As each platform operates slightly differently, we describe below how the platforms recruit and compensate participants. MTurk recruits participants for a given study from its own pool of potential workers. When a researcher posts a survey (also called a “hit”) it appears on the dashboard of any worker who qualifies for the study. Workers can then opt to take the survey and are compensated with Amazon credit upon completion.
CloudResearch includes multiple options for data collection. We included CloudResearch’s interface for MTurk (the MTurk Toolkit) in the study. The MTurk Toolkit should not be confused with CloudResearch’s other data collection options (i.e., Prime Panels and a managed research option) which we did not examine in our research. The MTurk Toolkit posts surveys to MTurk through CloudResearch’s interface and applies various filters designed to only include respondents who will provide high-quality data. The data quality filters used in our study included CloudResearch’s approved participants list, a duplicate IP address block, a suspicious geo location block, and a worker country location verification. Participants recruited through CloudResearch’s MTurk Toolkit are paid with Amazon credit.
Prolific is designed similarly to MTurk and uses its own pool of participants. Prolific’s participants are paid cash for completing surveys.
Qualtrics uses a variety of recruitment methods including directly emailing participants. Researchers connect with a representative from Qualtrics who then posts the survey on the researcher’s behalf (for example, in our study we requested that Qualtrics recruit 500 adults from the US). Qualtrics then distributes the survey on other data collection platforms, however which platforms is not specified to the researcher. Participants recruited through Qualtrics are compensated with various rewards including cash, gift cards, air miles, and coupons for food. These rewards are determined based on the participant’s preference.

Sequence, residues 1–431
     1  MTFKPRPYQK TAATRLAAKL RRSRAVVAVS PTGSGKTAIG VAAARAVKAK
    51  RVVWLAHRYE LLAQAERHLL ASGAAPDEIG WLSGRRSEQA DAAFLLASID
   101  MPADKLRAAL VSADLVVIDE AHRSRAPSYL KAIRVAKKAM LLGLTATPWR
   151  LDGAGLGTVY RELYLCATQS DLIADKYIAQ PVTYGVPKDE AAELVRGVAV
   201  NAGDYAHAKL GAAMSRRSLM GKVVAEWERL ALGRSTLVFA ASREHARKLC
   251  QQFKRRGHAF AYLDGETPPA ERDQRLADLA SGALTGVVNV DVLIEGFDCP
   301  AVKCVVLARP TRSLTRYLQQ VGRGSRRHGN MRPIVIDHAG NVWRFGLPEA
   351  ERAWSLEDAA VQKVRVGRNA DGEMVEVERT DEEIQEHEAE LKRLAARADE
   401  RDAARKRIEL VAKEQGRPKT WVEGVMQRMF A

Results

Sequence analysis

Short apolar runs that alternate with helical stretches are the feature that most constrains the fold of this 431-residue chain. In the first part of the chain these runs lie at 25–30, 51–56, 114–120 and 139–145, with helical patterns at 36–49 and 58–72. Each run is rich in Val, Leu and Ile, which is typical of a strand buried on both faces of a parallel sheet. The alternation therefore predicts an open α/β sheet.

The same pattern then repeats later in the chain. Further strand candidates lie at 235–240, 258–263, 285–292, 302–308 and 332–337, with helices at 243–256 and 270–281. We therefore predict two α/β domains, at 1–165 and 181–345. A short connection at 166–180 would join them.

Our undergraduate sample was recruited through SONA. SONA is a platform where organizations (in our study the University of Wisconsin–Madison Psychology Department) can create their own pool of participants and can be designed to meet the needs of a department or lab. Our SONA participant pool included students who sign up for studies in exchange for course credit.
Participants on MTurk and CloudResearch were prevented from taking the survey on both platforms. It was not possible to implement similar preventions between other platforms because only MTurk and CloudResearch use the same worker IDs.
Our study consisted of an online survey administered through Qualtrics’ survey design software.
We measured attention to the survey through five attention checks. In the first attention check we asked participants to identify the color that was mentioned in the consent form, a measure previously used by Douglas et al. . In the second attention check participants were asked to leave a text-entry box empty. The third attention check occurred as part of the personality inventory to which we added an item asking participants to select “strongly agree” from five potential response options. In the fourth attention check participants reported if they have any type of colorblindness. This colorblindness check was adapted from Kan and Drummey . The various response options included “red-blue colorblindness,” which does not exist. Selecting this option indicated that participants were not paying attention to the question. In the fifth attention check we asked participants to complete a simple arithmetic problem (what is 3 x 4?).
Participants’ personality traits were assessed using the 50-item version of Costa and McCrae’s  NEO-PI-R Domains obtained from the International Personality Item Pool (IPIP) . Participants were asked to evaluate the extent to which they agreed with various statements about themselves on a 5-point Likert response scale ranging from “Strongly disagree” to “Strongly agree.” Sample items are “I often feel blue” (neuroticism), “I feel comfortable around people” (extroversion), “I have a vivid imagination” (openness), “I believe that others have good intentions” (agreeableness) and “I pay attention to details” (conscientiousness).
Participants were shown one of three 75-second videos about sustainability mid-way through the survey. Participants were later shown short descriptions of each of the three videos and were asked to choose the description of the video that matched what they had seen. Correct identification of the description indicated correct recall of the video. Participants were asked a series of follow-up questions including the extent to which they thought the government should invest in green energy. Participants were asked this same item again 21 questions later in the survey to assess the test-retest correlation of participant responses.
Belief in conspiracy theories.
We measured participants’ belief in conspiracy theories using Brotherton et al.’s  Belief in Conspiracy Theories Scale. The scale includes 15 items each describing a different conspiracy theory (e.g., “Some UFO sightings and rumors are planned or staged in order to distract the public from real alien contact”). Participants responded to each of the items on a 5-point Likert scale ranging from “Definitely not true” to “Definitely true.”